Stone Soup

stone soup

Recently in a department chair meeting, we began talking about the importance of Professional Learning Communities (PLCs) within schools. One topic that came up was that for so long, educators have been used to doing things on their own. Each individual teacher has been on their own island in their classroom and has become accustomed to working independently of all of the other educators in the building. We began to talk about why it is important to collaborate and share ideas and expertise with one another. The conversation reminded me of the old folktale, Stone Soup (you can read the story below).

Stone Soup

Once upon a time, somewhere in post-war Eastern Europe, there was a great famine in which people jealously hoarded whatever food they could find, hiding it even from their friends and neighbors. One day a wandering soldier came into a village and began asking questions as if he planned to stay for the night.

“There’s not a bite to eat in the whole province,” he was told. “Better keep moving on.”

“Oh, I have everything I need,” he said. “In fact, I was thinking of making some stone soup to share with all of you.” He pulled an iron cauldron from his wagon, filled it with water, and built a fire under it. Then, with great ceremony, he drew an ordinary-looking stone from a velvet bag and dropped it into the water.

By now, hearing the rumor of food, most of the villagers had come to the square or watched from their windows. As the soldier sniffed the “broth” and licked his lips in anticipation, hunger began to overcome their skepticism.

“Ahh,” the soldier said to himself rather loudly, “I do like a tasty stone soup. Of course, stone soup with cabbage — that’s hard to beat.”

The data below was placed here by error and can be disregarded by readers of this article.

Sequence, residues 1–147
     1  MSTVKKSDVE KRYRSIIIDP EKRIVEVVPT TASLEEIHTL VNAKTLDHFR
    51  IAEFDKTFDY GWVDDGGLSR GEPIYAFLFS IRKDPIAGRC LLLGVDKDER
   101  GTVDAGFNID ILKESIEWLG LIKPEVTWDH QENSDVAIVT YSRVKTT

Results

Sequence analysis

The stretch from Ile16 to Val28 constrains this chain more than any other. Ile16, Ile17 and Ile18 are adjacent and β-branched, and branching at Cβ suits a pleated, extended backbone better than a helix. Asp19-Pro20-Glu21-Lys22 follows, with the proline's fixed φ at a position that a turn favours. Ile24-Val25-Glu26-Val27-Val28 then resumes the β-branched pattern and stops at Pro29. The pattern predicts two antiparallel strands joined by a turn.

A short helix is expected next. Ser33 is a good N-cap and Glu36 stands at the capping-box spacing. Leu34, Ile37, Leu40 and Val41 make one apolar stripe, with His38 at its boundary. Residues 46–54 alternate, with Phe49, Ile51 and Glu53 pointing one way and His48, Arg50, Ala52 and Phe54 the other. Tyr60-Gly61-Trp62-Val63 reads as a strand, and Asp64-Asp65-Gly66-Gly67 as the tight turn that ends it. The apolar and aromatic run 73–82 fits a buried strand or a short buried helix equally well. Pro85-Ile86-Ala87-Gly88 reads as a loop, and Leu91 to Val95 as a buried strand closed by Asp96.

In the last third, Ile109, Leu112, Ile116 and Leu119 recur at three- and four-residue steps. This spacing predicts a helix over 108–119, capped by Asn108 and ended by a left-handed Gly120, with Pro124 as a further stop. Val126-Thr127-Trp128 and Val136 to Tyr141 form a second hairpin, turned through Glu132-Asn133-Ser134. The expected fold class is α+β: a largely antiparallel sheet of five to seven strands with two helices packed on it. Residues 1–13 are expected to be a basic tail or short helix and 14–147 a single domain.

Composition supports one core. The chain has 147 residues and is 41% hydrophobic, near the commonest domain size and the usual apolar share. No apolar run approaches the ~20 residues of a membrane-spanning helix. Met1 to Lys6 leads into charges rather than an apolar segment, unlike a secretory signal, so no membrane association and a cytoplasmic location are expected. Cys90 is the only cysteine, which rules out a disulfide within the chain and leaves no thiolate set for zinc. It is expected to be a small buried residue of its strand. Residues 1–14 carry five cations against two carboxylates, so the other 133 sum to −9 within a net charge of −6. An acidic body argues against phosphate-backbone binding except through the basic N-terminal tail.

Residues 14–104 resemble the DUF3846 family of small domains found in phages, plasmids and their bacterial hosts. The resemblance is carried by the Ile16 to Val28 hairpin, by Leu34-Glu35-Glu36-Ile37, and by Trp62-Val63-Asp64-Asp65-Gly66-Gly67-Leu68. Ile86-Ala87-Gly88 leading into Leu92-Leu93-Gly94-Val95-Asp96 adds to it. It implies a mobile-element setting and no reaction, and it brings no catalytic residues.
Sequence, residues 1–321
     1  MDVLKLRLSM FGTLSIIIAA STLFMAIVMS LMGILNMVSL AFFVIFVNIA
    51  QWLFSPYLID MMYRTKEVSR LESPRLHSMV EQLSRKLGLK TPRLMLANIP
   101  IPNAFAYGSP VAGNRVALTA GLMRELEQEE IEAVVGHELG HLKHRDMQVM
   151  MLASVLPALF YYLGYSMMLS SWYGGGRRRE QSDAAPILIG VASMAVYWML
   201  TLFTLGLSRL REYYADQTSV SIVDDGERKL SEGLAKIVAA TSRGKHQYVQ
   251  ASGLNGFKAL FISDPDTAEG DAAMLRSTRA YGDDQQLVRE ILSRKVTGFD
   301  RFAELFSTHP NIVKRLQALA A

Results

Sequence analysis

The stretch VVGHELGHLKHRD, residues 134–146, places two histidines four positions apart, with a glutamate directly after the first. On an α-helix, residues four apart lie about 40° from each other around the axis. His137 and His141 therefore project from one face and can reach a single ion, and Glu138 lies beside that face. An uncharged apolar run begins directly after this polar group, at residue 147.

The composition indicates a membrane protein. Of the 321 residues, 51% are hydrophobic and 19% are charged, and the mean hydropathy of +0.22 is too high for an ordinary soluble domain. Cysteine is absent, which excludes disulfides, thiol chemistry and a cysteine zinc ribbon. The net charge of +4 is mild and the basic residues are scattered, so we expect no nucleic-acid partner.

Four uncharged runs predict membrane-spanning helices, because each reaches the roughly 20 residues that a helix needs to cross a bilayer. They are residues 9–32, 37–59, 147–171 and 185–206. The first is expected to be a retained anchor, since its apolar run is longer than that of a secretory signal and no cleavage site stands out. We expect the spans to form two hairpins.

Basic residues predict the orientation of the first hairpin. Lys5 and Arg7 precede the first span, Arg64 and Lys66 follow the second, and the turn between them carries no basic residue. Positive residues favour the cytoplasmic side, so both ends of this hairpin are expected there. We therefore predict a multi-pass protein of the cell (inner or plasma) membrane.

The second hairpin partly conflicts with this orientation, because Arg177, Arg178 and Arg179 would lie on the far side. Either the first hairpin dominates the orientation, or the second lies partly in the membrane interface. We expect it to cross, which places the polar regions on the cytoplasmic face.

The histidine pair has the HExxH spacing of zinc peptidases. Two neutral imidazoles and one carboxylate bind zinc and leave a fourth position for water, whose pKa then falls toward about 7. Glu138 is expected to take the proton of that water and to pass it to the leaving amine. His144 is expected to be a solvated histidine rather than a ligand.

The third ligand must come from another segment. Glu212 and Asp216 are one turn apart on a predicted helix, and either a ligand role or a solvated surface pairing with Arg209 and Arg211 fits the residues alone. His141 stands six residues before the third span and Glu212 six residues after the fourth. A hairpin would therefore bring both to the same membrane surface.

Soon a villager approached hesitantly, holding a cabbage he’d retrieved from its hiding place, and added it to the pot. “Capital!” cried the soldier. “You know, I once had stone soup with cabbage and a bit of salt beef as well, and it was fit for a king.”

The village butcher managed to find some salt beef . . . and so it went, through potatoes, onions, carrots, mushrooms, and so on, until there was indeed a delicious meal for all. The villagers offered the soldier a great deal of money for the magic stone, but he refused to sell and traveled on the next day. The moral is that by working together, with everyone contributing what they can, a greater good is achieved.

In this story, the village realized just how much better the end product (soup) was when everyone contributed and shared what food they had stored up for themselves. When they were willing to share, they all were able to eat a delicious meal fit for a king.

The same thing can be said for teachers collaborating and sharing ideas. Every teacher has strengths and it is important that we use those strengths not only in our own classroom, but throughout the entire school. With our combined strengths, we have the capacity to take care of every student, staff member and parent. Add to our strengths the passion that we have for what we do and we have something extraordinary!

“Alone we can do so little; together we can do so much” ~ Helen Keller

“Unity is strength…when there is teamwork and collaboration, wonderful things can be achieved.” ~ Mattie Stepanek

“None of us is as smart as all of us.” ~ Kenneth Blanchard

“Never doubt that a small group of thoughtful, committed citizens can change the world; indeed, it’s the only thing that ever has.” ~ Margaret Mead

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